In his speech, Robert Gnann, head of the WACKER SILICONES business division, praised Filippou as a researcher, who, with his achievements, has had a lasting influence on silicon chemistry. “Through his work, basic research has been given a new impetus, which is also to the benefit of the industry.”
Filippou’s research focuses include triple bonds between transition metals and elements of the carbon group, as well as stable molecules of the elements silicon, germanium, tin and lead in their low oxidation states. Among his groundbreaking achievements were the isolation of a transition metal complex with a metal-silicon triple bond and thus of a silicon analog of a transition metal alkylidene complex (2010) and the synthesis of a stable silanone with a silicon-oxygen double bond (2014) and of a phosphasilenylidene with a silicon-phosphorus double bond (2015). “The chemistry developed by Professor Filippou and his team is of great importance both as regards catalysis and for an understanding of certain industrial processes. It may even be possible, one day, to develop silicones with new property profiles,” said Gnann.
Professor Alexander Filippou, born in the city of Thessaloniki, Northern Greece, in 1958, began studying chemistry at the Technical University of Munich in 1976. In 1984 he gained his doctorate with the Nobel laureate Professor Ernst Otto Fischer with a dissertation on “New pathways of synthesis of anionic ketene and carbyne complexes of 16 Group elements through neutral-substituted carbyne-carbonyl compounds.” He obtained his habilitation in 1992 on “metal-centered coupling reactions of C1 ligands”. Filippou was subsequently a Professor of Inorganic Chemistry at Humbold University of Berlin for twelve years. Since 2005, he has been a lecturer and researcher at the University of Bonn. In 2007, he was appointed director of the university’s Institute of Inorganic Chemistry.
The WACKER Silicone Award was presented at the eighth European Silicon Days in Poznań, Poland. “Silicones are extremely versatile materials and have become indispensable thanks to their many useful properties,” stressed WACKER Executive Board member Auguste Willems to the audience of about 250 at the award ceremony. Demand for silicone in the industry has been growing for years. Experts estimate the market value of silicones at over eleven billion euros. “Because of their versatility and their large spectrum of properties, silicones are particularly interesting for innovative technologies,” stressed Willems. “Silicone chemistry offers a variety of possibilities and development opportunities.”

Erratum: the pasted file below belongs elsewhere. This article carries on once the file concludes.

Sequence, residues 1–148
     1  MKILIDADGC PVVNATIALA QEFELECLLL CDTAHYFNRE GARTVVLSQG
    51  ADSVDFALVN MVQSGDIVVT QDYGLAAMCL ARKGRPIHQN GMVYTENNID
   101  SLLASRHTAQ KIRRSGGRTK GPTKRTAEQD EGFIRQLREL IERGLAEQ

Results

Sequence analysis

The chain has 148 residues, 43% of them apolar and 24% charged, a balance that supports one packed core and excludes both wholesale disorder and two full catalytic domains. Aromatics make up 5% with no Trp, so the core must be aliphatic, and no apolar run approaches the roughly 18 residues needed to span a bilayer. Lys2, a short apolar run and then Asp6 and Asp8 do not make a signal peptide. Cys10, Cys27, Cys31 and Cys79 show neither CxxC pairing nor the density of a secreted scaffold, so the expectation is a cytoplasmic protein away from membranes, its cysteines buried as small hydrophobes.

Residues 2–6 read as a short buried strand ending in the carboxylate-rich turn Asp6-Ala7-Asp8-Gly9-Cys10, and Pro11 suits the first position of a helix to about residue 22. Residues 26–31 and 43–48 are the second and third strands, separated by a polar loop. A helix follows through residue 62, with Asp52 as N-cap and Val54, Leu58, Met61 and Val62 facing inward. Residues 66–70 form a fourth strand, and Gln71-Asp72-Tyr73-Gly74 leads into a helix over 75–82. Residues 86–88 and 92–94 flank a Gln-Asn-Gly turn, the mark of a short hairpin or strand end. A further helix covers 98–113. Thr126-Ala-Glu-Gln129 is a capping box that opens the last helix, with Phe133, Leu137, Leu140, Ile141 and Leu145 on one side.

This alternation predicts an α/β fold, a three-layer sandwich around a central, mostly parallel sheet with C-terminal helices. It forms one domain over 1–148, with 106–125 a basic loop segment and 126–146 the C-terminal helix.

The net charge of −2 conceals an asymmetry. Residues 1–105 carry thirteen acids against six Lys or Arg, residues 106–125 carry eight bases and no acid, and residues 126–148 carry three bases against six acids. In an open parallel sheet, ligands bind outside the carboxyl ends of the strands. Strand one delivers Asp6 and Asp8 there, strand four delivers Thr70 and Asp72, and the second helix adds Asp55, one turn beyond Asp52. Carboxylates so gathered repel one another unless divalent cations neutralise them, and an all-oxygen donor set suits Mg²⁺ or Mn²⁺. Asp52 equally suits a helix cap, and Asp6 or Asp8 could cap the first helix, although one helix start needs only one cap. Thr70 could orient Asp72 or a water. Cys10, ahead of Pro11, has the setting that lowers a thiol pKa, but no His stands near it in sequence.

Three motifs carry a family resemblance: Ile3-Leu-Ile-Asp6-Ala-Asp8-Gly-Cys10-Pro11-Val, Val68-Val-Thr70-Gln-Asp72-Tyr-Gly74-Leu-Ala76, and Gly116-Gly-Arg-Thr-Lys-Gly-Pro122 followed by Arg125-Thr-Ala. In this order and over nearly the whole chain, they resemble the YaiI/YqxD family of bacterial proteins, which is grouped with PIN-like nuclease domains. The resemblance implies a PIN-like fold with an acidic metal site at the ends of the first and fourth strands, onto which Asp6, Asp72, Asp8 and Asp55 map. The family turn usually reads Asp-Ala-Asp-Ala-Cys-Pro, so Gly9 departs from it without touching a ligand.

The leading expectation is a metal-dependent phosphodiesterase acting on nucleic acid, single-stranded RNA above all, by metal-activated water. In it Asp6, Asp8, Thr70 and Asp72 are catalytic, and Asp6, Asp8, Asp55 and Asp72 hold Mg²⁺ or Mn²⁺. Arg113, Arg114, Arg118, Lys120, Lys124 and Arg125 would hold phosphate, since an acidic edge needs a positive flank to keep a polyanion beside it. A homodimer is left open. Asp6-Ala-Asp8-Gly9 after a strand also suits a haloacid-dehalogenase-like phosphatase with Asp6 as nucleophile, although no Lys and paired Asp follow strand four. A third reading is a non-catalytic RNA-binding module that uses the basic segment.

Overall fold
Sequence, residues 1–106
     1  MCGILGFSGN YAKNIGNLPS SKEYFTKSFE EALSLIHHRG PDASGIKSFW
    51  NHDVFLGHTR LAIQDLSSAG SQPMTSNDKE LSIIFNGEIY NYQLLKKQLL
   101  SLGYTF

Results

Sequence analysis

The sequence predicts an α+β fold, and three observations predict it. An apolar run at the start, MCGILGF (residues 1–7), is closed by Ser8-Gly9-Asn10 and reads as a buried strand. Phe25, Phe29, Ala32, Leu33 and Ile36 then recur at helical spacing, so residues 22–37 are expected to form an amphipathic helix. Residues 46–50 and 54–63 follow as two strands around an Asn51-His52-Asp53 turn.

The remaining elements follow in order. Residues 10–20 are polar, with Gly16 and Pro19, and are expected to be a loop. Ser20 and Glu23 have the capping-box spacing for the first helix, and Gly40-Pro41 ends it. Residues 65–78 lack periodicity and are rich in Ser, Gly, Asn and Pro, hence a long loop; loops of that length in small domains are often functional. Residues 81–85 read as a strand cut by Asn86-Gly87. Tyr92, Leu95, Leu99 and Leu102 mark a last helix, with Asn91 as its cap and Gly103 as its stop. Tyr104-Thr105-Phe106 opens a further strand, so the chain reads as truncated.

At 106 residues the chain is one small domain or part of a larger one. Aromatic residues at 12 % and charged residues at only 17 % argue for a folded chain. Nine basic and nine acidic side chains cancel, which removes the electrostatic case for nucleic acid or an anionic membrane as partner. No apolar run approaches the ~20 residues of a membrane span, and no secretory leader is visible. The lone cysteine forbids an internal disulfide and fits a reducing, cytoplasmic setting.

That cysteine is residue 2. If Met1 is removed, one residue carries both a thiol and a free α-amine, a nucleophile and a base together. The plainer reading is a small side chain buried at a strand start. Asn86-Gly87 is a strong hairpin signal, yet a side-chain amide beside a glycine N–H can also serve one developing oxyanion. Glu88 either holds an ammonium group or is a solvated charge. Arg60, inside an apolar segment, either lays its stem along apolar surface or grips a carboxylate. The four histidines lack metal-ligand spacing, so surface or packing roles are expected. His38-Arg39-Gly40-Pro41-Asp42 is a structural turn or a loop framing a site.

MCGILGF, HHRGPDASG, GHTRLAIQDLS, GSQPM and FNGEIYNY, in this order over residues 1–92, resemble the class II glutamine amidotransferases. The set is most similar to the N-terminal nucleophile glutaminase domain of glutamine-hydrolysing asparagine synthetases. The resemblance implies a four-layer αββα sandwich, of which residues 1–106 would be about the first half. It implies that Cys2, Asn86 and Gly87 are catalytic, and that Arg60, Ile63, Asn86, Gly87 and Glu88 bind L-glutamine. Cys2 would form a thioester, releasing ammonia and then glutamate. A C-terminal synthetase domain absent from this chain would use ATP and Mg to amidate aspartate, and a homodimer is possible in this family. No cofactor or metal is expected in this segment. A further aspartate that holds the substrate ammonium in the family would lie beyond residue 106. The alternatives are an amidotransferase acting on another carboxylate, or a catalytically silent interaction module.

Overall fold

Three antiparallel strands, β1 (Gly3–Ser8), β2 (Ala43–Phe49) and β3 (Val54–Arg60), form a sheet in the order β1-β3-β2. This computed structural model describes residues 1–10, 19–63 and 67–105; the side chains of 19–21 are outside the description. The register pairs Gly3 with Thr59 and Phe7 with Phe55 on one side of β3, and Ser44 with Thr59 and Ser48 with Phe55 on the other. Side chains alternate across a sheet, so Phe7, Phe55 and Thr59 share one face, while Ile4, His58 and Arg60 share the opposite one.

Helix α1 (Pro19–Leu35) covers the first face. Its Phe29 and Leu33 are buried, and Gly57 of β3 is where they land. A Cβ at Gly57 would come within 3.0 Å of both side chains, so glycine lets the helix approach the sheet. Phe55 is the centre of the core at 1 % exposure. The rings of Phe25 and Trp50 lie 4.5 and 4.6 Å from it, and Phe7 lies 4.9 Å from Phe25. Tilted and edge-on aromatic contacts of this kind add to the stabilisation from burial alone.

For years, the Munich-based chemical company has been promoting basic research at universities and institutes. An important pillar of this is the WACKER Institute of Silicon Chemistry at the Technical University of Munich. The company founded the institute in 2006 as an interface between academic and industrial research.
With the WACKER Silicone Award, the chemical company has recognized outstanding achievements in the field of organosilicon chemistry for almost three decades. “The Silicone Award is a central pillar for stimulating and promoting research activities,” stressed Robert Gnann. With yesterday’s award, the silicone award was presented to a well-known scientist for the 16th time.
Previous WACKER Silicone Award winners:
2014 Prof. Akira Sekiguchi (University of Tsukuba, Japan)
2011 Prof. Matthias Driess (Technische Universität Berlin, Germany)
2009 Prof. Ulrich Schubert (Technical University of Vienna, Austria)
2007 Prof. Dr. Yitzhak Apeloig (Israel Institute of Technology, Haifa)
2005 Prof. Mitsuo Kira (Tohoku University, Japan)
2003 Prof. Don Tilley (University of California at Berkeley, US)
2001 Prof. Manfred Weidenbruch (University of Oldenburg, Germany)
1998 Prof. Robert Corriu (Université de Montpellier, France)
1996 Prof. Hubert Schmidbaur (Technical University of Munich, Germany)
1994 Prof. Edwin Hengge
1992 Prof. Richard Müller and Prof. Eugene Rochow
1991 Prof. Hideki Sakurai (Science University of Tokyo, Japan)
1989 Prof. Robert West (University of Wisconsin, USA)
1988 Prof. Nils Wiberg
Prof. Reinhold Tacke (University of Würzburg, Germany)
1987 Prof. Peter Jutzi (Bielefeld University, Germany)
Prof. Norbert Auner (Goethe University Frankfurt, Germany)